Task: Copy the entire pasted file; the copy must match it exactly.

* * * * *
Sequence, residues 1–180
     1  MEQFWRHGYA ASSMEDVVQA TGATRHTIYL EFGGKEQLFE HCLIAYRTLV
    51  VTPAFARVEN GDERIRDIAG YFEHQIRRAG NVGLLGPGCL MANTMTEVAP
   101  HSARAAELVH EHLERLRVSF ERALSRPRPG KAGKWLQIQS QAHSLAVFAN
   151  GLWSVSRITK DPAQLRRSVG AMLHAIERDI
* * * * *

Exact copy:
Sequence, residues 1–180
     1  MEQFWRHGYA ASSMEDVVQA TGATRHTIYL EFGGKEQLFE HCLIAYRTLV
    51  VTPAFARVEN GDERIRDIAG YFEHQIRRAG NVGLLGPGCL MANTMTEVAP
   101  HSARAAELVH EHLERLRVSF ERALSRPRPG KAGKWLQIQS QAHSLAVFAN
   151  GLWSVSRITK DPAQLRRSVG AMLHAIERDI